June is vitiligo awareness month. Kagiso based Nobuntu Morake shares her experience with the condition and her message to others.
My name is Nobuntu Morake, a young woman from Kagiso township, in the West of Johannesburg and I am living with Vitiligo. Vitiligo is a skin condition that occurs as a result of dead melanocytes(cells that give melanin) which is caused by a deficiency of Vitamin B, which then makes the skin have white patches. I was not born with Vitiligo, actually, no one is born with Vitiligo, one only develops the condition after birth, and I developed the condition when I was 8 years old. It started with a small white patch on my chest, it grew and spread to other areas of my body, knees, hands, eyelids. It was goodbye to the days of me wearing short skirts and dresses, I wore clothes that covered up the patches, I started to have a low self-esteem, I couldn’t stand being stared at, it was frustrating and overwhelming. Initially, I was a reserved and confident child before I developed the condition, but I became a different child after I lost my melanin. I became bitter, self conscious and socially withdrawn, it took away my childhood euphoria, I hated myself for looking different from everyone else. At the time I developed the condition, it was still rare and not many people had knowledge of it, and usually society rejects anything that they aren’t familiar with and unfortunately, I experienced rejection because I had a strange and rare condition. I also rejected myself, because I had allowed society to control how I felt about myself. I battled with self acceptance almost my whole teenage life, I kept quiet for a very long time about my battle with self acceptance, I was secretly looking for people who were also living with the same condition hoping I will feel better after I see them. I only knew two people who had the same condition, Leleti Khumalo and the late Prof. Khambule, both prominent figures, and I used to comfort myself with them but I wanted to meet them personally, which didn’t happen. Anyway, I had to soldier on, amidst rejection and discrimination in the community and in many social places, I’d be given all sorts of names and be humiliated but it got to a point where I got used to the painful treatment.
I still battled with self-acceptance, in my late teenage years, I was still discovering myself and trying to fix myself. So in the year 2015, I was introduced to a beautiful lady, Gaone Tlhong, who is also living with Vitiligo and is the founder of Beyond Vitiligo South Africa(BVSA), an organisation that was formed to give support, and raise awareness for Vitiligo. Gaone became the person I have been searching for since I developed the condition, and I remember vividly how excited I was to finally meet someone who identifies with my personal plights and struggles. She contributed so much in my journey of self- discovery, empowering, embracing and supporting me, making sure I accept myself the way I am, and indeed her efforts were prolific. I’ve grown to become a resilient and strong young woman, and I live to empower and support people living with Vitiligo, more especially kids who are clueless of the condition, and my work is to humanise(something I was denied in my childhood) them so as to prevent them from being adults who are recovering from their childhood. World Vitiligo Day(WVD) is celebrated every year on the 25th of June, for this year’s WVD our international theme is “Research, Children and Hope for the future”. To respond to the theme, my request is that may we accept and embrace children living with Vitiligo, let us be a society that embraces diversity and live in harmony.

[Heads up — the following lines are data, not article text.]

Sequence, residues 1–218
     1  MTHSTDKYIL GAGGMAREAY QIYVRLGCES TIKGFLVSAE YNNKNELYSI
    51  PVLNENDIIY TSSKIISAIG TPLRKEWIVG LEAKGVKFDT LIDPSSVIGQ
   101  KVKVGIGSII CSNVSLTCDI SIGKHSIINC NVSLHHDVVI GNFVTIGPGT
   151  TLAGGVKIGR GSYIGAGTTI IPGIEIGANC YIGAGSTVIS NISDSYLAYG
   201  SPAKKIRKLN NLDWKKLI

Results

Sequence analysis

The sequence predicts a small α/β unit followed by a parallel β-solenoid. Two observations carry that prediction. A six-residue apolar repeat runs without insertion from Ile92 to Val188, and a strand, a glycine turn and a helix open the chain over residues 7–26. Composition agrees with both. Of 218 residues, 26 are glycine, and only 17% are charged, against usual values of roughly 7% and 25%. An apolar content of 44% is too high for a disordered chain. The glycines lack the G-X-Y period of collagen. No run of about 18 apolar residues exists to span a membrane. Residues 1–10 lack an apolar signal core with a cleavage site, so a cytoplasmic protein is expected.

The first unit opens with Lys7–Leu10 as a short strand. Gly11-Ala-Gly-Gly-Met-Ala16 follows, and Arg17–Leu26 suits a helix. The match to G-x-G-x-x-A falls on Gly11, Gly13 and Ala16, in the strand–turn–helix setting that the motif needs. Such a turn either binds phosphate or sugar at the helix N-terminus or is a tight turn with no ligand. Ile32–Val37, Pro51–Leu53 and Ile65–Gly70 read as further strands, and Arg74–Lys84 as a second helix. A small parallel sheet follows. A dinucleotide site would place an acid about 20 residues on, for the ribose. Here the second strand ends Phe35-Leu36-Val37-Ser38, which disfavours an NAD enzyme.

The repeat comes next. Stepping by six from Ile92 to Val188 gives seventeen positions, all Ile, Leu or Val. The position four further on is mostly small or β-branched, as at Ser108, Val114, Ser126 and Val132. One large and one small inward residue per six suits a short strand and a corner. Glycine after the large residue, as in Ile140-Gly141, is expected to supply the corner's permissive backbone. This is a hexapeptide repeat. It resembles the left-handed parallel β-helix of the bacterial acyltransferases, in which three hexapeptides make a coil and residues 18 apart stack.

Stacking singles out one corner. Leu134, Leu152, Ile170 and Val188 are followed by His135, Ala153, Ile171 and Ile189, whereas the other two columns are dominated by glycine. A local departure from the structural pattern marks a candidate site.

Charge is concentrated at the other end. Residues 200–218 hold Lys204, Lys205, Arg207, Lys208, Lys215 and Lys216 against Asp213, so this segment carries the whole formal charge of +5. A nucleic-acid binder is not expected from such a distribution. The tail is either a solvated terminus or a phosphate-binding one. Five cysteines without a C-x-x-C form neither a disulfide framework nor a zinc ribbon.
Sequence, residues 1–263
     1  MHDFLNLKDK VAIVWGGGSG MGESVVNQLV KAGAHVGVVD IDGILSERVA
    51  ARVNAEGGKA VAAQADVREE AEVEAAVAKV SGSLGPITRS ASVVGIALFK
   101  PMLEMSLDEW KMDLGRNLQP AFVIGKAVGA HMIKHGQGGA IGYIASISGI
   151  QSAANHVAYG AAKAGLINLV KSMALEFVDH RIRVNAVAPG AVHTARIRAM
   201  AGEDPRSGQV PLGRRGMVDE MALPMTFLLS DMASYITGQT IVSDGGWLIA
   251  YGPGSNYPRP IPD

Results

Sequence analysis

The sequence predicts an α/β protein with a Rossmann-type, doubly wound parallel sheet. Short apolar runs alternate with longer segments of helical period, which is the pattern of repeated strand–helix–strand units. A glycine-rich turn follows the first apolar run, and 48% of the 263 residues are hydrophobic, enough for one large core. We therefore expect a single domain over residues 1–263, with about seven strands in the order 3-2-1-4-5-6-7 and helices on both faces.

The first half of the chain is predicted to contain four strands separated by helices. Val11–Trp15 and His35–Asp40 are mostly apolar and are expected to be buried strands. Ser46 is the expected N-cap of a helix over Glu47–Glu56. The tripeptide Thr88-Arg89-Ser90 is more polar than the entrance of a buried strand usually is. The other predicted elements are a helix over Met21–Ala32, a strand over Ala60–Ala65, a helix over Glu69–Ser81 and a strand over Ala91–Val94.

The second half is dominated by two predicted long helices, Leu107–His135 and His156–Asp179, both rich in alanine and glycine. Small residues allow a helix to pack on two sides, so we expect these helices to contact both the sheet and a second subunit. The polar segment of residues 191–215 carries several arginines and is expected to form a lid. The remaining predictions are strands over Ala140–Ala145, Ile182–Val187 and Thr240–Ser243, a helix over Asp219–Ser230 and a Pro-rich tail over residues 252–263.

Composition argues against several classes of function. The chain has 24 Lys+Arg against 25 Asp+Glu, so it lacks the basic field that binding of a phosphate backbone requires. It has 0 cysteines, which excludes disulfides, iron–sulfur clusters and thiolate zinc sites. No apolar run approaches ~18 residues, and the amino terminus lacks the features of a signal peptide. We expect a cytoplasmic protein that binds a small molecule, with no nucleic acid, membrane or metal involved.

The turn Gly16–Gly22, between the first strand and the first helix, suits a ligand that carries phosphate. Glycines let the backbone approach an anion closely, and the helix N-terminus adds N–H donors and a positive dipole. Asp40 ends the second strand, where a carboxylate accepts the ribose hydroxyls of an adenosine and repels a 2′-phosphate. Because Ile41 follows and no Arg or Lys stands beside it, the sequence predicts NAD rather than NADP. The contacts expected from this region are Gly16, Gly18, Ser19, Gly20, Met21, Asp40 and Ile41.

My message to young girls: The worst mistake you can ever make is allowing people to control how you feel about yourself, detractors will always be there, of course, you can’t control what they say about you but you can control how you react to them. I am a strong believer of “you are what you believe”, so believe you are beautiful, don’t seek people to validate your beauty, we are all flawed, and beautiful in our own unique ways. Beauty is/must not be associated with perfection if it is, then we are all not beautiful because we are all imperfect. Actually, true beauty is associated with perfect imperfections, your acne, your Vitiligo, your Albinism, your eczema, your burnt skin, is what makes you unique and, beautiful. Don’t allow anyone to impose their own definition of beauty on you.
Other great figures living with Vitiligo:
Kgothi ”Iman” Dithebe